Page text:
Extraterrestrial Life in Science Fiction

Alien bounty hunter by Bear1037

Alien bounty hunter by Bear1037

This is the first of what I hope will become a regular “column” on this blog about topical scientific articles of the week and how the news plays into the world of science fiction.  In other words, how might I construct a story out of the information in the article?  It is going to be a sort of scratch pad of ideas that explores how stories are constructed and, who knows, I might even publish the finished product later.

What Kind of Life Would We Find On Titan?

This week’s inspiring article comes from the website Phys.org which posts articles on the latest developments in the world of science.  I find it is a wonderful hunting ground for ideas for my writing.

The Classic Trope

Most of us grew up on TV and movie Sci-Fi aliens who, for the most part, are bipedal humanoids that we somehow manage to relate to, either by cooperation, fighting or making out with them (Captain Kirk was a Player!).  There have been a few notable and imaginative exceptions, even within the realm of TV (like the Horta in Star Trek), but by and large, alien life as depicted in most media are all beings with which we can relate.  Otherwise, a story is a bit more difficult to construct.

Fact is more interesting than fiction

The article listed above, however, places the entire concept of alien life into a, well, far more alien framework.  The author begins with the question of what kind of life might be expected to have evolved within the liquid hydrocarbon seas on the surface of Titan and other planets outside of the traditionally understood habitable zone around a star?  It turns out that scientists looking at this particular problem at the labs of Cornell University have come to the conclusion that cell membrane structure of such creatures, if they could exist at all, would be completely bizarre and unlike anything that evolved within a planet with liquid water.  But they do end up concluding that it is possible for some kind of life to exist in that kind of chemistry.

As the Bard tells us,

There are more things in heaven and earth, Horatio, 
Than are dreamt of in your philosophy. 
– Hamlet (1.5.167-8), Hamlet to Horatio

which means, there is more chance that nature is going to throw even weirder shit at us than we can probably come up with in our imaginations.

The Artistic Challenge

So here is the artistic challenge of the week.  What kind of form would an advanced alien civilization take that had evolved on a planet like Titan?  Could we communicate with them at all?  Would we even recognize them as a civilization, or visa versa?  How might we communicate, or even relate to such truly alien beings?  For fiction conflict purposes, what complications could arise from our meeting each other (please, no Avatar, noble savage type of crap…let’s be real about this)?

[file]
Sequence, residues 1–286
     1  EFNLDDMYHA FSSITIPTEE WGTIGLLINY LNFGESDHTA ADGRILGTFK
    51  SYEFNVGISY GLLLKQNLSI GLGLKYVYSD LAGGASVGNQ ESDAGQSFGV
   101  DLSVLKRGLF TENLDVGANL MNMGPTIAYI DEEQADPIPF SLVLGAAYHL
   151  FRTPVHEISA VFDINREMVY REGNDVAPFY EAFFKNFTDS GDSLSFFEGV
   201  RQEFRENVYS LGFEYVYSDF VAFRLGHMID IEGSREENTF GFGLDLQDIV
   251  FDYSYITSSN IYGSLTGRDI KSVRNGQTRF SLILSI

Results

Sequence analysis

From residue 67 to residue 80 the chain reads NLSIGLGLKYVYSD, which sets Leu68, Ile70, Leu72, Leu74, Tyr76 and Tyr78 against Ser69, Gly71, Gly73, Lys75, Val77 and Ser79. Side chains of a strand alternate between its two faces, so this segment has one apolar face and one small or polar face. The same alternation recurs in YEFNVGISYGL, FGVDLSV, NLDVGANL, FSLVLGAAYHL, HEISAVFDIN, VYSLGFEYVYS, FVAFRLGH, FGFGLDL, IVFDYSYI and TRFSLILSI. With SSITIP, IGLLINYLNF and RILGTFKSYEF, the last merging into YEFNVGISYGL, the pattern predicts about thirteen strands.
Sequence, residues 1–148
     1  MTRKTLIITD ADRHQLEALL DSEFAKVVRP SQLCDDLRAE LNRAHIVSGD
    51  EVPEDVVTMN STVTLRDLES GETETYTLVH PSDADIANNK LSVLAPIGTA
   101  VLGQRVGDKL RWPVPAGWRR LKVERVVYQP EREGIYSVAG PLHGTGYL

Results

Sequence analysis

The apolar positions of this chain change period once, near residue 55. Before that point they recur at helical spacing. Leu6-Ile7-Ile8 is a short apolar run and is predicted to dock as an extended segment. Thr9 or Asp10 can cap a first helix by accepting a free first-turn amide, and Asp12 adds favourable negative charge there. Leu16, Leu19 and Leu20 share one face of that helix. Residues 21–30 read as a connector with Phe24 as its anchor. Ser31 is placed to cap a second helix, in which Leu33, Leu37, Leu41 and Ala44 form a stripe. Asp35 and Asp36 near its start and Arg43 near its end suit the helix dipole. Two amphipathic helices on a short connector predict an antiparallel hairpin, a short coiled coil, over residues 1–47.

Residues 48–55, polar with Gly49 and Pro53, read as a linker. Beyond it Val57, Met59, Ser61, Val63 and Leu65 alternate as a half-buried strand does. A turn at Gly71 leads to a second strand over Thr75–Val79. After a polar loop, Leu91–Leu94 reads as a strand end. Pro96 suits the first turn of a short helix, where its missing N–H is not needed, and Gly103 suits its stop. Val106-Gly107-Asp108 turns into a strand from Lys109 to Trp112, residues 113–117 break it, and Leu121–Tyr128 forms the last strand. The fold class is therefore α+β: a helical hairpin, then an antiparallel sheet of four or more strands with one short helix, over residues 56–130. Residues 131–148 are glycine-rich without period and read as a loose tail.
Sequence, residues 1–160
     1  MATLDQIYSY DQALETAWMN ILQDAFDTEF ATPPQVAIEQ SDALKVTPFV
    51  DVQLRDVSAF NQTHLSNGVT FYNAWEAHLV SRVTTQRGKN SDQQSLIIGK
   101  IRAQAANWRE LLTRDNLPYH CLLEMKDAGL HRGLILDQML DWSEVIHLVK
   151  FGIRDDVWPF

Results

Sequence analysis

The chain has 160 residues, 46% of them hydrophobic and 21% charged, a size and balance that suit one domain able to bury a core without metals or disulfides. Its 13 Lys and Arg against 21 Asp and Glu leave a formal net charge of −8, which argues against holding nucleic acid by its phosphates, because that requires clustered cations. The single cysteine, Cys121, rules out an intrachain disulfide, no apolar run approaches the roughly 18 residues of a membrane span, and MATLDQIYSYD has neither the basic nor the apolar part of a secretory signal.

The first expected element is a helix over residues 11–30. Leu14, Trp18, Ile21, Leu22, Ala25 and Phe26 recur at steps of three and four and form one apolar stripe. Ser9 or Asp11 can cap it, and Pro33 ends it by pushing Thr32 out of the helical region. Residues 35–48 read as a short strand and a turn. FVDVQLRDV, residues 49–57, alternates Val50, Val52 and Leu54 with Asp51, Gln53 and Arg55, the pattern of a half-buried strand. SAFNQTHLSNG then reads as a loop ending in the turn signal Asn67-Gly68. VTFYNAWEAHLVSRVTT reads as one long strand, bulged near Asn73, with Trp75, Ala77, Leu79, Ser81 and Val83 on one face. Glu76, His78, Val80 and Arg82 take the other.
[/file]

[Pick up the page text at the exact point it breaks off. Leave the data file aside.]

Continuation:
If you have some ideas you’d like to share, please post them in the comments section.  Perhaps we can build on them and get a really interesting alien constructed that we can all take away to our own desks and write stories that are more interesting than Dr. Who (which I really love for entertainment, by the way).   I, for one, am going to mull on this and see if I can come up with a story idea, or two.

Pax Vobiscum

3 thoughts on “Extraterrestrial Life in Science Fiction

  1. Gaia Mouse says:

    The most likely life we’ll find is bacteria. This lends itself to stories about pan-epidemics. Since I’m more interested in writing about the human sphere, I tend to make my aliens with human traits and cultures. I also like writing about mythological creatures.

    • Doug Pruden says:

      Good point about microscopic life, Cyanobacteria, etc. being the most likely form of life we will encounter. The science book

        Rare Earth

      Makes a good argument for Earth possibly being unique as far as the development of advanced intelligence.

      • Joe says:

        I would like to suggest that life on Titan would be even more archaic than Cyanobacteria. There is very little light/energy from the sun out there compared to earth. I suspect that the main form of life would be some kind of Archaea. They would extract energy from minerals such as sulphur. This however would not necessarily restrict their evolution. It’s even possible there could be complex life that does not ultimately rely on sunlight. We have lots of examples around hydro-thermal vents right here on Earth.
        There’s lots of opportunity for science fiction to exploit these thoughts, and likely already have. I’m not a big reader of science fiction – yet.

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